Donald Trump

Can apprentice Trump rise to meet the stature needed for the Oval Office?

Kevin Rafferty says political greenhorn Donald Trump clearly does not understand foreign policy, and any hopes that he will leave his populist rhetoric behind may be misplaced amid the rise of nationalistic leaders worldwide

PUBLISHED : Saturday, 12 November, 2016, 10:04am
UPDATED : Saturday, 12 November, 2016, 7:15pm

Americans, especially the 47.3 per cent who voted for Donald Trump to become US president, may come to regret that day. The other seven billion of us who had no say in the election should brace for icy political and economic winds. If Trump fulfils even a few of his campaign promises, particularly on trade, immigration, terrorism, and repealing Obamacare, life will be tough for Americans.

It will be far tougher for non-Americans, especially those in Asia, because Trump clearly does not understand foreign policy. A man whose way of dealing with China is to impose 45 per cent tariffs and who wants “to bomb the s*** out of” Islamic State and steal the oil is likely to be a threat to world peace.

Trump will be the first president never to have served in government or the military. As a billionaire businessman, he is the polar opposite of the blue-collar white Americans and waitress moms who were the backbone of his popular support.

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Trump’s victory initially spooked markets worldwide but the panic abated after he gave a conciliatory speech, promising to be a president for all Americans. Was his campaign of outrage and hate and lies and denunciations then just a clever wheeze to seize the headlines and get elected? Will a new Trump be now unwrapped, softly and cuddly and statesmanlike, and America go back to being the home of the brave and the land of the free?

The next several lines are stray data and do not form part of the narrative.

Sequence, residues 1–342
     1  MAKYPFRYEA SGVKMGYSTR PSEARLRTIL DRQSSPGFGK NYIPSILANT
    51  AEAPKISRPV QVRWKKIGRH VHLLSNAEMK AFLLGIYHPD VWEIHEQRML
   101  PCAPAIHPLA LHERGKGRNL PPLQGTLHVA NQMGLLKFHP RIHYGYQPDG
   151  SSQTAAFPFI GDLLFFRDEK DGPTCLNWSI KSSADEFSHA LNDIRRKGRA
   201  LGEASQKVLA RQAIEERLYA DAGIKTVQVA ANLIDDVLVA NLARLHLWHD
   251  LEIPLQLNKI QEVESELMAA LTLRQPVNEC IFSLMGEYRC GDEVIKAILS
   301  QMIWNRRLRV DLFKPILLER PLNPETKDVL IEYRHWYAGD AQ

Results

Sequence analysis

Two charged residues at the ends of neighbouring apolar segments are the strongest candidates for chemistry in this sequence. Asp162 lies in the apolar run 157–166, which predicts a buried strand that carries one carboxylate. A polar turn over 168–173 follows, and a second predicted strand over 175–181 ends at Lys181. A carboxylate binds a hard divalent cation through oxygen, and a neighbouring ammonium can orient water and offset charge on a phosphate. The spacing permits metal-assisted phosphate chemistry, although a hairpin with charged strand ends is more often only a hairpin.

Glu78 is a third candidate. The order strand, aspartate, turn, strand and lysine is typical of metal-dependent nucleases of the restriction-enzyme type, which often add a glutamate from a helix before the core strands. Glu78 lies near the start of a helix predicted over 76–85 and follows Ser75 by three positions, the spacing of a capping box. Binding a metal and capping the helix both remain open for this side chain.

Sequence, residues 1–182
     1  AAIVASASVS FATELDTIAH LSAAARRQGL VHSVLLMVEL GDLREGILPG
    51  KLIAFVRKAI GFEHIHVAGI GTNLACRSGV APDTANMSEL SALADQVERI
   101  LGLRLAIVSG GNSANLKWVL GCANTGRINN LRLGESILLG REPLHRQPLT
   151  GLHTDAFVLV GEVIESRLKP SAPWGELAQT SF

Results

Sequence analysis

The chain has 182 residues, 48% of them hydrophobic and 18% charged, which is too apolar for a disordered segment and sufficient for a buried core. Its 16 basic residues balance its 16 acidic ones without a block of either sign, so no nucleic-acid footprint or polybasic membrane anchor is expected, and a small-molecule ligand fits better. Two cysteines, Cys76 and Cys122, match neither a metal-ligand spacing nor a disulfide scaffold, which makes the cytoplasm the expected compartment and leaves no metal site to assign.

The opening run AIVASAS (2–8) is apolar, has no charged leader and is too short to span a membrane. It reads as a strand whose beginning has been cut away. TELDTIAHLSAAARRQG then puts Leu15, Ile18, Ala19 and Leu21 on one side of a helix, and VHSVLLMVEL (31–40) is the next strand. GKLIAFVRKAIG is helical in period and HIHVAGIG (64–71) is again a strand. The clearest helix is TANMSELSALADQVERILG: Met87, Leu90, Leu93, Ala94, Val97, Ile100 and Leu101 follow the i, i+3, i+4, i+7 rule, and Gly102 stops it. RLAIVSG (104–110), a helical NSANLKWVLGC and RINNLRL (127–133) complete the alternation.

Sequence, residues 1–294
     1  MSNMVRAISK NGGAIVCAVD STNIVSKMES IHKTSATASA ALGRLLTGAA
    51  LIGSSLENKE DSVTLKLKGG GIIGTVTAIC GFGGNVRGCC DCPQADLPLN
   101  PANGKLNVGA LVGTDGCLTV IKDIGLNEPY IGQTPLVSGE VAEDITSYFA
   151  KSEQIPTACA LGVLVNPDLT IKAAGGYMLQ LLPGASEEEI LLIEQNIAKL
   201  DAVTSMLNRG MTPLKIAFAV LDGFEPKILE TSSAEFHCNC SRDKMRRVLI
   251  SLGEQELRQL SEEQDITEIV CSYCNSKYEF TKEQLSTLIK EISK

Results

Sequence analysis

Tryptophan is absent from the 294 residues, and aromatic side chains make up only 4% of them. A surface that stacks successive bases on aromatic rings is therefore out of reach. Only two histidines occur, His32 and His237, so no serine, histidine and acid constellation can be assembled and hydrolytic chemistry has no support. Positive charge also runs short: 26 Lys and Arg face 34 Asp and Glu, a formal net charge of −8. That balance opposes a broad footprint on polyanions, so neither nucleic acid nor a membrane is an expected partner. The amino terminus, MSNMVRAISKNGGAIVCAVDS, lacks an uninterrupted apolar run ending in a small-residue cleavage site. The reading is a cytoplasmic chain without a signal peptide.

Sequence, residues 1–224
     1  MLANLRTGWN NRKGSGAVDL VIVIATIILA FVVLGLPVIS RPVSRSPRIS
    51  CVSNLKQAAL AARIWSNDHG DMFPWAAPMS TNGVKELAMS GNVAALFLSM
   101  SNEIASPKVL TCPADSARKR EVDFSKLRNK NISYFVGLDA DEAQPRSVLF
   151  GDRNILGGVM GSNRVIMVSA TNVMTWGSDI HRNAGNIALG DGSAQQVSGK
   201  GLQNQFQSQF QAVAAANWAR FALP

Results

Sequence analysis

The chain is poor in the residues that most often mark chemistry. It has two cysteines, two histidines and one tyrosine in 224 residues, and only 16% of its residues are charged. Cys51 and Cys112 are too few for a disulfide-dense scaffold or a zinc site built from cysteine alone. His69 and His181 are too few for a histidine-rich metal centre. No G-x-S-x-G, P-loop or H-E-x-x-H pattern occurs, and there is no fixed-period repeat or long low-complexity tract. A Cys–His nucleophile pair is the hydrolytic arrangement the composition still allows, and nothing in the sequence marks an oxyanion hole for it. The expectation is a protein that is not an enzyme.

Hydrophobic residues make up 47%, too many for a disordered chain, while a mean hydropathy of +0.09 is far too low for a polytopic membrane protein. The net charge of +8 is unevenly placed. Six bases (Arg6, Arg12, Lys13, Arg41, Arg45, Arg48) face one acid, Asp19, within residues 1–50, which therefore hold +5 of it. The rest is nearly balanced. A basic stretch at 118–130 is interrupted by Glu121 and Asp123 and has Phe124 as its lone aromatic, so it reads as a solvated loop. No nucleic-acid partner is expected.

The long ugly months of the campaign were a wretched advertisement for democracy. If candidates now treat elections as open season for any and all kinds of lying and cheating, then America is really in the gutter. Nevertheless, some responsible commentators and supporters claim that President Trump will be a reformed character, who will not only bring order but also go-getting business leadership to the Oval Office. Others say that we should relax because changes of government do not affect economic fundamentals; even radicals have to recognise hard realities.

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There are many problems with such arguments. One is over how Trump will make the transition from businessman to the highest public office. In the privacy of his own office and boardroom, Trump could rant and rage and use his trademark “You’re fired” slogan at his own command. As president, his every word, deed and tweet will go into the public record. He will have a million workers under him plus another million military servicemen in his role as commander-in-chief; but he will have fewer than 2,000 appointments in his own gift, many of those subject to the advice and consent of the Senate.